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Moms: Throw Out Your Ipecac!

By Chris Williams on October 9, 2014.
throw out ipecac syrup

An example of an Ipecac Syrup bottle bought in the past.

When I was young, every conscientious mom had a small bottle of syrup of ipecac in the medicine cabinet. The over-the-counter emetic has been used since the 1950’s as an antidote for accidental poisoning. Taking a dose of the stuff induced vomiting. Within 30 minutes, the child threw up whatever he had swallowed that was potentially dangerous, in effect getting it out of his system.

Even as recently as 1983, The American Academy of Pediatrics recommended that every household have a 1-ounce bottle of syrup of ipecac available but that it be used only on the advice of a physician, emergency department, or poison control center. The ipecac was administered to the child in an attempt to start the stomach emptying process as soon as possible, before transport to the hospital, if needed. Sometimes, mom administered the ipecac and the poison control center would check back by phone to monitor the child’s progress.

Ipecac Syrup Loses Favor With Pediatricians

In 2003, the American Academy of Pediatrics reversed its earlier recommendation and stated that ipecac syrup should not be used as a home treatment in a child who has ingested any toxic substance. The policy statement also recommended that any ipecac currently in homes should be disposed of safely. Most people aren’t aware of this new thinking and ipecac syrup is still sold for this use in drug stores.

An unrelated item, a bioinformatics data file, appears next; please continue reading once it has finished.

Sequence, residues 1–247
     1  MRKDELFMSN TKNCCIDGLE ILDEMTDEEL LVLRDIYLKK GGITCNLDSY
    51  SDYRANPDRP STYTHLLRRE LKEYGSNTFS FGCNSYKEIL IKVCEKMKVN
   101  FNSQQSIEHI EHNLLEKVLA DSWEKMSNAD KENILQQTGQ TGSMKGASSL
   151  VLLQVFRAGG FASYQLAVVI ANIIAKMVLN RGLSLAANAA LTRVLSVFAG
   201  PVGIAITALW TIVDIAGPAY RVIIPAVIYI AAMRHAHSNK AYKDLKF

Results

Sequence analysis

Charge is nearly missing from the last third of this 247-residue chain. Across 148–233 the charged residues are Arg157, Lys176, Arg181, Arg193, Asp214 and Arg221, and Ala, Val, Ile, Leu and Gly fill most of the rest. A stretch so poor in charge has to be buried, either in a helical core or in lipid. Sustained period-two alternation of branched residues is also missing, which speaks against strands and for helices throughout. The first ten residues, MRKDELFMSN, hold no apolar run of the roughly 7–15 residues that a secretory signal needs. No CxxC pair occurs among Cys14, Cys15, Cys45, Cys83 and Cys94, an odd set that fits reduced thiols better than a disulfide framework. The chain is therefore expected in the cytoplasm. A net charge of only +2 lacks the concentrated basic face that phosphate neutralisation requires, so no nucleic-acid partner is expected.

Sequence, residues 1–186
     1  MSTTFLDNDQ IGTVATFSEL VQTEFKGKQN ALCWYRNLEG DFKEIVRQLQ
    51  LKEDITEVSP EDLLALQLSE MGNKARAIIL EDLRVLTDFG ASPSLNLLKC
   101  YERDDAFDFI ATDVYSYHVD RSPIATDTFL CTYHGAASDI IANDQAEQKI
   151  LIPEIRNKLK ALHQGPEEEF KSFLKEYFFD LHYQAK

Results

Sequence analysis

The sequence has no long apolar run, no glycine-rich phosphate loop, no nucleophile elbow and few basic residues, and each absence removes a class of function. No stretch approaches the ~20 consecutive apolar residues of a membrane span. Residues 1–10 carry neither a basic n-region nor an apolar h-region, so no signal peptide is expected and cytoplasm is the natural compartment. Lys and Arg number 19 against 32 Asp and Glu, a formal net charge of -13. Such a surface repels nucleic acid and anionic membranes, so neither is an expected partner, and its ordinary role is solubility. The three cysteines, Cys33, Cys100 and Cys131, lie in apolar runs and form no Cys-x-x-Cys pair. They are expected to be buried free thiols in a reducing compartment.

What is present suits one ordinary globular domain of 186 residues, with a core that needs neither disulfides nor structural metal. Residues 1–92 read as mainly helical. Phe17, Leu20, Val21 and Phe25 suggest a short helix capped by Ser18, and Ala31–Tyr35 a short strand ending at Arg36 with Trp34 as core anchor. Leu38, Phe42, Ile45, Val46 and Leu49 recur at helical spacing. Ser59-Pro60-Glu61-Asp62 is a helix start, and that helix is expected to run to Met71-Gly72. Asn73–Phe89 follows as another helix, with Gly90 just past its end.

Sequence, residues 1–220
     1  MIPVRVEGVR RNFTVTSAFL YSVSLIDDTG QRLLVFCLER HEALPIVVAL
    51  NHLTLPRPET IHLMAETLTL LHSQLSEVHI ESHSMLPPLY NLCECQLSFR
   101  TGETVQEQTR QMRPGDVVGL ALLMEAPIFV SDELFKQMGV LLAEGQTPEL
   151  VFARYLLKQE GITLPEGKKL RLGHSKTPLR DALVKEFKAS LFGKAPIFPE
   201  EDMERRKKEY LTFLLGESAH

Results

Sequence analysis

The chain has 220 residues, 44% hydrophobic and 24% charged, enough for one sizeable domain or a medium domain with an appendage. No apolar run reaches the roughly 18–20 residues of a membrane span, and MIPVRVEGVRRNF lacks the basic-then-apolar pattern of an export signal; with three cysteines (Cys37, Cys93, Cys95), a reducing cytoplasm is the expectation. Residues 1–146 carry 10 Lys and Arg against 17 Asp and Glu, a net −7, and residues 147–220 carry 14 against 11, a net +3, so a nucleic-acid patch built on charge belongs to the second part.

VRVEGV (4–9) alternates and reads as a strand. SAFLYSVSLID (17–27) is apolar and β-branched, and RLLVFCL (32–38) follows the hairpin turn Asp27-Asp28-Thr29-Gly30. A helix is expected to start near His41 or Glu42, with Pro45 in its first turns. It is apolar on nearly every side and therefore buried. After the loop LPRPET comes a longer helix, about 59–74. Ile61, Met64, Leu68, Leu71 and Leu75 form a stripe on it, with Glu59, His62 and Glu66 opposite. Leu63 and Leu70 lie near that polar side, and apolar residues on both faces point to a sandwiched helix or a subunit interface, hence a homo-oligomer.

It’s not that the stuff doesn’t work. Ipecac causes vomiting in most people and helps prevent the absorption of toxins in the intestine. However, ipecac was widely accepted and recommended without any real studies of its overall usefulness. Studies have now found that the adverse effects and problems from ipecac use do not outweigh any benefits. Further, there is no evidence from clinical studies that ipecac improves the outcome of poisoned patients. Its use in the home did not decrease the number of visits to the emergency room. New recommendations are that ipecac should only be used in certain rare circumstances, and then only as directed by medical personnel. It is no longer recommended for routine use in homes or in the emergency room.

There has been a general move away from treating accidental poisoning with gastric emptying practices like induced vomiting. With some types of corrosive chemicals like toilet bowl cleaners, ammonia, and certain pesticides, vomiting can cause even more burn damage to the throat and mouth as the caustic material comes back up, or if it is inhaled into the lungs during vomiting.

First Response? Call Your Poison Control Center

Whenever a child, or anyone, swallows a potentially poisonous substance, your first course of action should be to phone the Poison Control Center for guidance (Phone 1-800-222-1222 to be connected to your local Poison Control Center). Their experts know the proper treatment for each dangerous chemical and will talk you through the steps you need to take. For information on poisoning from pesticides, The National Pesticide Information Center (NPIC) at 1-800-858-7378 can guide you as well.

For additional information on accidental poisoning from pesticides or other chemicals, see the following:

Photo credit: sfslim / Foter / CC BY

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